March 17, 2016 by Canadian Underwriter
The federal government announced Thursday that Transport Minister Marc Garneau has endorsed an online awareness tool for handling flammable liquid emergencies.
The tool was developed by Enform, a group of six oil and gas industry associations.
That tool “helps first responders to assess hazards at the scene, to know who to contact and what resources are available, and to understand how to respond appropriately and safely,” Transport Canada stated in a release.
The tool is posted to the website of the Canadian Association of Petroleum Producers, which helped fund the tool.
The tool “addresses knowledge gaps identified by the Transport Canada’s Emergency Response Task Force following requests from municipalities and first responders in the aftermath of the Lac-Mégantic tragedy,” Transport Canada stated.
On July 5, 2013, a Montreal, Maine and Atlantic (MMA) Railway train hauling 72 tanker cars with crude oil was stopped for the night near Nantes, about 180 kilometres south of Quebec City. Early the following morning, the unattended train started to move downhill, picked up speed and 63 tanker cars derailed in Lac-Mégantic. Forty-seven were killed.
The following August, the Transportation Safety Board of Canada published its investigation report on the tragedy. That report included 18 findings as to causes and contributing factors.
MMA “never assessed the risks of leaving a train carrying crude oil unattended, on a downhill grade, with no other precautions taken to prevent the train from running uncontrolled, other than the assumed correct application of the handbrakes,” Don Mustard, senior investigator for rail and pipelines at TSB, said Oct. 8. 2015 during the 42nd Annual Engineering Insurance Conference, which is part of the Canadian Boiler & Machinery Underwriters Association (CB&MUA).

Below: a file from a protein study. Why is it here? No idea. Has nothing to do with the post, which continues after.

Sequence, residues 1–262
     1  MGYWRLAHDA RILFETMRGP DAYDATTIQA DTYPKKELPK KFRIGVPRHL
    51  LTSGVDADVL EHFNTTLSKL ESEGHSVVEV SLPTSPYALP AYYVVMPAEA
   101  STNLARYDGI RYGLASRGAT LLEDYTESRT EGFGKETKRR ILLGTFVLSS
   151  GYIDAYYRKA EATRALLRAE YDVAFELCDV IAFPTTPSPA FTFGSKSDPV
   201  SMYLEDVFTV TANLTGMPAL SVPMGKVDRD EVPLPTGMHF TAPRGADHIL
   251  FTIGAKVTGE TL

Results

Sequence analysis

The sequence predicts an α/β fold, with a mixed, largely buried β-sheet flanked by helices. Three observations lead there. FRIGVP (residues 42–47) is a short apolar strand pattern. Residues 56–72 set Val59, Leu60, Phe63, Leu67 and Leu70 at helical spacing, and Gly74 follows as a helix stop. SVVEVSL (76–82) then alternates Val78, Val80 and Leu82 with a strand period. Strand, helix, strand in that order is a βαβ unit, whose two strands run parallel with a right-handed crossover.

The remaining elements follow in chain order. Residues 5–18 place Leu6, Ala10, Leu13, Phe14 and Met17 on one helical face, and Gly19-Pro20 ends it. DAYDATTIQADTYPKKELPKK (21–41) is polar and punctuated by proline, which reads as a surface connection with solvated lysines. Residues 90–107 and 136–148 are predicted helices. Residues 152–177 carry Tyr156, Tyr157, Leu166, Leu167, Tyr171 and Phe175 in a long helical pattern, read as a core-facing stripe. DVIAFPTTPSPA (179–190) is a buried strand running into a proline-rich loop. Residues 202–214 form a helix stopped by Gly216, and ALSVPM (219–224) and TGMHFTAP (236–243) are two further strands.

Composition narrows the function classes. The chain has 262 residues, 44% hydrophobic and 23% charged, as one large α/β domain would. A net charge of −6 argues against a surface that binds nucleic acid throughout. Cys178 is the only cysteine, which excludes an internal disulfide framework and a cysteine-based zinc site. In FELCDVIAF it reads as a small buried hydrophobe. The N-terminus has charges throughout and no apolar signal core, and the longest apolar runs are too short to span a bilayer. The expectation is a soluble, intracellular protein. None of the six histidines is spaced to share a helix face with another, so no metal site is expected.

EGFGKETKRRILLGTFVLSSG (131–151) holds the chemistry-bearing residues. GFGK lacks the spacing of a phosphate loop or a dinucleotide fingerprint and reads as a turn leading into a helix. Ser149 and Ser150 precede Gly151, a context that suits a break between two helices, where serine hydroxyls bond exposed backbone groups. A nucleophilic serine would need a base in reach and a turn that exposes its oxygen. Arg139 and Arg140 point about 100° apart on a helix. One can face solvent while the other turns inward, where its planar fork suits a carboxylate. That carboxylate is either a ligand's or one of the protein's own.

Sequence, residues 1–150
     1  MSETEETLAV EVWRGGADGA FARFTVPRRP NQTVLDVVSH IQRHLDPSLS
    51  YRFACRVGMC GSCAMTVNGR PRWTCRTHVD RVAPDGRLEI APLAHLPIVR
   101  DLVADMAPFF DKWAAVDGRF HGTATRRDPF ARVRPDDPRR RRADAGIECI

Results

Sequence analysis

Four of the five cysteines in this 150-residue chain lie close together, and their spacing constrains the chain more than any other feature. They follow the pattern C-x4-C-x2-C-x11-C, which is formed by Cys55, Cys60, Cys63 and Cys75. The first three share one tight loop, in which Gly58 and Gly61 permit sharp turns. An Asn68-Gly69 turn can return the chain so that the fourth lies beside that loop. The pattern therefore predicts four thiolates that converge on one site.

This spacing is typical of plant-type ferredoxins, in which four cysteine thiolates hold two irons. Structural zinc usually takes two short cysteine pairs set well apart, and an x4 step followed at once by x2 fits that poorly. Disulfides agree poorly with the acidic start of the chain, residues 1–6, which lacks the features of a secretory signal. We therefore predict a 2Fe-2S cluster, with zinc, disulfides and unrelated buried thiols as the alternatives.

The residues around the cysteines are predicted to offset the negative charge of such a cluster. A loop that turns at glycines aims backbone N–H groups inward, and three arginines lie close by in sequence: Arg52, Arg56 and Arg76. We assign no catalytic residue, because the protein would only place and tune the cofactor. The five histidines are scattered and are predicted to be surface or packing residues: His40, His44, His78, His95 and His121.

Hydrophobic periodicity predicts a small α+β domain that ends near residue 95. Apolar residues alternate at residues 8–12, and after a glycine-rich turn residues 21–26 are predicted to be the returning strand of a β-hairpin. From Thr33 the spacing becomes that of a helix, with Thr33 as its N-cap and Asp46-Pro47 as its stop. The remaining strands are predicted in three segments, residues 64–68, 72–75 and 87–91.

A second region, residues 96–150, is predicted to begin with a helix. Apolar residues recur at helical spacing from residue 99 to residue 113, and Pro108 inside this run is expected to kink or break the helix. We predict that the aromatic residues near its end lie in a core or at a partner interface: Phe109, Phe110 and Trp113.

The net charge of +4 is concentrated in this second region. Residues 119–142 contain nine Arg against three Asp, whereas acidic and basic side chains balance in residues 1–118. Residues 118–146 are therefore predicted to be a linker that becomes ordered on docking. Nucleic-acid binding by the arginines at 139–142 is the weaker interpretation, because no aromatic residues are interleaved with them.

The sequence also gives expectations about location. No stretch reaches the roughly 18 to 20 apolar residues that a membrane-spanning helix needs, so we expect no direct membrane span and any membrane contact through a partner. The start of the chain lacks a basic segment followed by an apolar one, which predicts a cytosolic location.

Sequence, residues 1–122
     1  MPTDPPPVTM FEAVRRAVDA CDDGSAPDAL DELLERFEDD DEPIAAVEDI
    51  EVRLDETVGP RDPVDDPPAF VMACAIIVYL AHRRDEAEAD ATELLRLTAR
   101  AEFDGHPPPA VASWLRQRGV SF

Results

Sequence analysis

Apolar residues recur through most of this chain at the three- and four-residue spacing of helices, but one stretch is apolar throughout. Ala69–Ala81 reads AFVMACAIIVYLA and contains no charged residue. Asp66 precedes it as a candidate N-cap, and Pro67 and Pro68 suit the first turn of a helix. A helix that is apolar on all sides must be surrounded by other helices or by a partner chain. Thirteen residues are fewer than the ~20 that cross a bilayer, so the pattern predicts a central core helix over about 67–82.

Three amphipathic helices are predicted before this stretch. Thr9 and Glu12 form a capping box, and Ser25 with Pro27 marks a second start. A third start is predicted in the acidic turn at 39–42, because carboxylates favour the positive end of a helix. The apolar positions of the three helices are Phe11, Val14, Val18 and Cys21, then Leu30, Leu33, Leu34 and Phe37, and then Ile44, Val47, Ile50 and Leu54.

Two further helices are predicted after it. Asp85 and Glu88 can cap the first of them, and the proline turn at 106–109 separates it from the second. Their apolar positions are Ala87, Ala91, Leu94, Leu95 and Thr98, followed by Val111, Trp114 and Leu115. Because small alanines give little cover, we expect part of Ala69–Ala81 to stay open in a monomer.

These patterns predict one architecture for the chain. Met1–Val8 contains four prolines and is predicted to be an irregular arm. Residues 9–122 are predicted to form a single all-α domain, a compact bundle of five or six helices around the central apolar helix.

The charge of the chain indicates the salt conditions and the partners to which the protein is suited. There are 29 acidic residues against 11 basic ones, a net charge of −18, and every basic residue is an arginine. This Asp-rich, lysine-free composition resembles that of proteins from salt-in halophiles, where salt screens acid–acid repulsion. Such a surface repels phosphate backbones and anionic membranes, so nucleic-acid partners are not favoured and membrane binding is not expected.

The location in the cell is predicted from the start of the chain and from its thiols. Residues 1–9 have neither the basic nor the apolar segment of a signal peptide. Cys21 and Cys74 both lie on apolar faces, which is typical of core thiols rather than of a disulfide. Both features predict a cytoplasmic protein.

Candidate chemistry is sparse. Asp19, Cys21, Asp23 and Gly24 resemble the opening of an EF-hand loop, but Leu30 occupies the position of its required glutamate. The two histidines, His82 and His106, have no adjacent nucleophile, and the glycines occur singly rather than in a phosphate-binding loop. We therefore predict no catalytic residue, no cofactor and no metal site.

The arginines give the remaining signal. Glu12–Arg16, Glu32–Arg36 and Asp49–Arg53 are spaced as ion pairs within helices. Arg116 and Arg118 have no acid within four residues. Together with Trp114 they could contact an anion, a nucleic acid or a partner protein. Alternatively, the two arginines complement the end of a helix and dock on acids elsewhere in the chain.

In August, 2013, the Canadian Transportation Agency (CTA) had suspended MMA’s certificate of fitness effective August 20, finding that MMA had not demonstrated that its third-party liability insurance “is adequate for ongoing operations.” At the time, railway operators had to be covered for third-party liability, third-party bodily injury or death, but each railway had its insurance coverage reviewed – on a case by case basis – by CTA.
Court records indicate that MMA was insured by XL Insurance Company Ltd. (for evacuation expenses, fire suppression expenses, pollution clean-up expenses, bodily injury and property damage) and by an inland marine policy written by Traveler’s Property and Casualty Company of America for property, rolling stock, track and repairs and business interruption.
In June, 2015, a bill establishing minimum mandatory insurance levels for railroad operators – Bill C-52, the Safe and Accountable Rail Act – was passed into law. So railways carrying “significant volumes of dangerous goods” require $1 billion in insurance limits, including coverage for the risk associated with a leak, pollution or contamination,” a Conservative MP said during the last session of Parliament.
In November, 2013, Lisa Raitt – then the Conservative Minister of Transport – created a working group to on the requirement for emergency response assistance plans (ERAPs) for crude oil and other liquids.
That task force later recommended a training program comprised, in part, of a web-based program with modular content and an examination component.
The task force “has worked diligently to examine 650 flammable liquids in Canada and has provided over 33 safety recommendations to date, with more expected this May,” Transport Canada noted March 17 in a release.